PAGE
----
Young Lions, Young Ladies
by Shea Stutler
Adolescents like to have a place they can call their own. In the fifties, teenagers hung out at the malt shop, sipping cherry cokes and rockin' with Elvis. Today, in a small town in Tennessee, they're jam skating to Montell Jordan. I was amazed to find a microcosm of life blooming on a 70 x 160-foot cement slab known as a roller skating rink.
As I entered the building which housed the rink, the warm, nostalgic scent of popcorn hit that part of my brain where dusty, cobwebbed memories live, memories of my own adolescence. I made my way past a group of exuberant teenagers at the snack bar until I reached the skating rink. Skinny, hard benches, made for small butts, lined one wall. I took a seat and scanned the rink. My eyes paused to read a sign; white, block letters on a black background warned, "Skate at Your Own Risk."
Two young men swaggered past me: confident, heads held high, eyes focused on their destination. I leaned over, looking down the long row of benches, curious to find out where they were going. Their confidence lagged a bit as they approached a large group of their peers, including several young ladies. All of them exhibited signs of discomfort as the girls crossed their arms over their nubile bodies and the boys tried hard not to stare.
Abruptly, a silent signal sent the entire assembly to the benches. Pairs of dexterous hands laced up skates as quickly as possible, while other hands aided in conversation that only the listener was allowed to hear. I was struck by the intimacy of this scene. They all knew each other well. They had come together in the freedom of this one place to share and explore without the encumbrance of parents, teachers, or any other meddlesome adult. I sat bolt upright, feeling very much like someone who had accidentally stumbled into a room full of naked people.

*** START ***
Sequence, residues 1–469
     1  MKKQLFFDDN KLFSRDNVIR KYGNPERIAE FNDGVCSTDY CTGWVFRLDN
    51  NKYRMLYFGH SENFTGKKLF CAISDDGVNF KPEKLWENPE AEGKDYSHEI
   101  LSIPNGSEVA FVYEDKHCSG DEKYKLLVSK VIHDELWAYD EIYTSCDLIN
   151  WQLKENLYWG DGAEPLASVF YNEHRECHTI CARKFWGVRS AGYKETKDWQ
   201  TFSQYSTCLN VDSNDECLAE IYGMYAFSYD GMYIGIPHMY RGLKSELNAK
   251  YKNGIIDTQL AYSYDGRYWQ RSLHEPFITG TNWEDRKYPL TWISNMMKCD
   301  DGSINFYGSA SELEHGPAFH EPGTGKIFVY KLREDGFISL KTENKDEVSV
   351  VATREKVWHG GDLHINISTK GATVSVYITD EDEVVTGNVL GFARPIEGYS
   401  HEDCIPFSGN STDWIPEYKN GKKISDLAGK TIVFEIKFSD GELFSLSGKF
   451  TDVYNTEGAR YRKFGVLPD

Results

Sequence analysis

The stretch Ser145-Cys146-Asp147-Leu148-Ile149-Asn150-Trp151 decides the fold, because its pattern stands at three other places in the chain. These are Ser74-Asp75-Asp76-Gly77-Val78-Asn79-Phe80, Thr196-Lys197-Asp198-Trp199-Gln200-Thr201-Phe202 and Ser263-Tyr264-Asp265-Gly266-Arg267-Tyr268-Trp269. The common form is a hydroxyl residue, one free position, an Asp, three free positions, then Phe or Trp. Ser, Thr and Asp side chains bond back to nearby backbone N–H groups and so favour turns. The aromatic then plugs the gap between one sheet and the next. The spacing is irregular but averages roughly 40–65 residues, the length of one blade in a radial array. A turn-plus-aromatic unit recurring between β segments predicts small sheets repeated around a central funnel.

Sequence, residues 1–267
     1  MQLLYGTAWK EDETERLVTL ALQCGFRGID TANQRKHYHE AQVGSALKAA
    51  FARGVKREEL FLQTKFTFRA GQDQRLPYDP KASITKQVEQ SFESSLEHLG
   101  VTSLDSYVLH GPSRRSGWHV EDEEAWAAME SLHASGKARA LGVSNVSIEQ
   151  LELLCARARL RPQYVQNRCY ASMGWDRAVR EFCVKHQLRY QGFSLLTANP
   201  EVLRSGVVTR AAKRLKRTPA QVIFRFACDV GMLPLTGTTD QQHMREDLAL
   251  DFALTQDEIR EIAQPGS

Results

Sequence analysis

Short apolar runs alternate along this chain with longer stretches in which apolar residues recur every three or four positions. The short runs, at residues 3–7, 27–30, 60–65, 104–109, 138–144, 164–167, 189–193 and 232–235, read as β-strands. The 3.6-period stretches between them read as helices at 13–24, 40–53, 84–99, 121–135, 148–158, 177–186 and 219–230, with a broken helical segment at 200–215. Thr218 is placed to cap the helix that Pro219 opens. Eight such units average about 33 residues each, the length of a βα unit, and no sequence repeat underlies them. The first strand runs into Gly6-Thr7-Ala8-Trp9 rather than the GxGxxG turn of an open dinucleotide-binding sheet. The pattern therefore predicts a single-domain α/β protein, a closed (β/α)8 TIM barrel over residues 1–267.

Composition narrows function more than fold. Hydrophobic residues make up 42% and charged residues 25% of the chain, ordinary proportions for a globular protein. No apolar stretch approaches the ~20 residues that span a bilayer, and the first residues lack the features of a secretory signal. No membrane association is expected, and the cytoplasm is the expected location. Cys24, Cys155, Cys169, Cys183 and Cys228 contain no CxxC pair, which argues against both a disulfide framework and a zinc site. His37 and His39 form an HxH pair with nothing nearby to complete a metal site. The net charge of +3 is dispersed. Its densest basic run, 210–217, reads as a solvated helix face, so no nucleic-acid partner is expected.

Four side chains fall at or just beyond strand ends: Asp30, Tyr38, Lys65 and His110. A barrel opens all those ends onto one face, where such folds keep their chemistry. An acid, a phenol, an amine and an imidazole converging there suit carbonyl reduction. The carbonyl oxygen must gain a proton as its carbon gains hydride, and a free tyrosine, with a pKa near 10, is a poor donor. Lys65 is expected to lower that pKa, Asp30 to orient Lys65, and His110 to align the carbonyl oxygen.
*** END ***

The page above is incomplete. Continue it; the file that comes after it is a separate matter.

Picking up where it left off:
Attempting to recover from my embarrassment, I was suddenly startled by a cacophony . . . music, perhaps? It must have been music, because I glanced down to find my foot tapping away to a beat long forgotten. As if on cue, young people from every corner of the room flocked to the rink. The awkwardness their bodies had expressed off the rink had been replaced by a grace not unlike the albatross. They were clumsy in their approach to flight, but, once airborne, they were a soaring sight to behold.
I was mesmerized by the effortlessness of their movements, weaving in and out, endlessly circling. Skates became a blur of color: green, purple, blue, pink, red--speeding by fast and furious. I felt the rush of wind on my face as I caught the musky scent of cologne mixed with sweat. A swirl of communication was taking place, none of it involving speech. The tactile sense had kicked in: punching and shoving of young lions trying to impress their ladies of choice, bodies brushing by each other, and the gentle touch of hand on arm. A statuesque blonde, six inches taller than her partner, slipped. "Catch me, I'm falling on purpose," her body language seemed to say. Eye contact was prevalent. Most skaters continually scanned the rink, found the one they were looking for, and BAM!! eyes quickly darted away. This testing of emotional waters went on for several hours; boys and girls trying on relationships of men and women like kids playing dress up in their parents' clothes.
I remembered the sign, "Skate at Your Own Risk." At the time, I had worried about broken arms and legs, but as I watched the dance unfold on that skating rink, I realized that these young people risk so much more. The pain of rejection, the fear of making fools of themselves, and the devastation they feel when they believe that they have, makes life for these adolescents a risky business. Perhaps that sign should have read, "LIVE at Your Own Risk."